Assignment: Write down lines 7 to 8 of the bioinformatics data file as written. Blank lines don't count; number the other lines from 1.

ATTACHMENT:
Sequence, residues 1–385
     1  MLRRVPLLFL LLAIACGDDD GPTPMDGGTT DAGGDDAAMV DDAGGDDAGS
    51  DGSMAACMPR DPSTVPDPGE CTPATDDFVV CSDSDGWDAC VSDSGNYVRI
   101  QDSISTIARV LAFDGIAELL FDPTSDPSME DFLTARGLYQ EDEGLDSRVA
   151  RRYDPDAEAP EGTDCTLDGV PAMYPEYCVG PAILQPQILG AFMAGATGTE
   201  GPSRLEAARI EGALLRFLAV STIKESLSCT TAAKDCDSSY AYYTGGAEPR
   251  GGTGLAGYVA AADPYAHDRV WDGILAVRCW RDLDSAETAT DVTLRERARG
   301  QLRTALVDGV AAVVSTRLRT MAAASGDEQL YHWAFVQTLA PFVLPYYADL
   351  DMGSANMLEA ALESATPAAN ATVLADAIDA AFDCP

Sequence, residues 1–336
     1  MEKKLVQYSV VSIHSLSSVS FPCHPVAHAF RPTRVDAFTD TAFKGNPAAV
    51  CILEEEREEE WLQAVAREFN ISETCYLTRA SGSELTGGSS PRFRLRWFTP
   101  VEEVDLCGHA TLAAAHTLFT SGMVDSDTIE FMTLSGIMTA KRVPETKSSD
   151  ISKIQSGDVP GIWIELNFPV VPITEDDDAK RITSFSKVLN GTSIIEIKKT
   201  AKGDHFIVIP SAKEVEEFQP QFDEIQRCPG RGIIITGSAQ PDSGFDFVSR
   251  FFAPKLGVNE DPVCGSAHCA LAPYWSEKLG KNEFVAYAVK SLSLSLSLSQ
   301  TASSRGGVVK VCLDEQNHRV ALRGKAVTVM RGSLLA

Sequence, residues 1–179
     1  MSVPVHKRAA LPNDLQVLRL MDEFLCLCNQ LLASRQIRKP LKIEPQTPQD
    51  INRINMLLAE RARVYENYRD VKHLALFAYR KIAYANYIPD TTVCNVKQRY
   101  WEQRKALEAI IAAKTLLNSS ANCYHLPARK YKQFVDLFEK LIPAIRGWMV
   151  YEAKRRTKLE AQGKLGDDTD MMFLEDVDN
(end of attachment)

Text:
   251  GGTGLAGYVA AADPYAHDRV WDGILAVRCW RDLDSAETAT DVTLRERARG
   301  QLRTALVDGV AAVVSTRLRT MAAASGDEQL YHWAFVQTLA PFVLPYYADL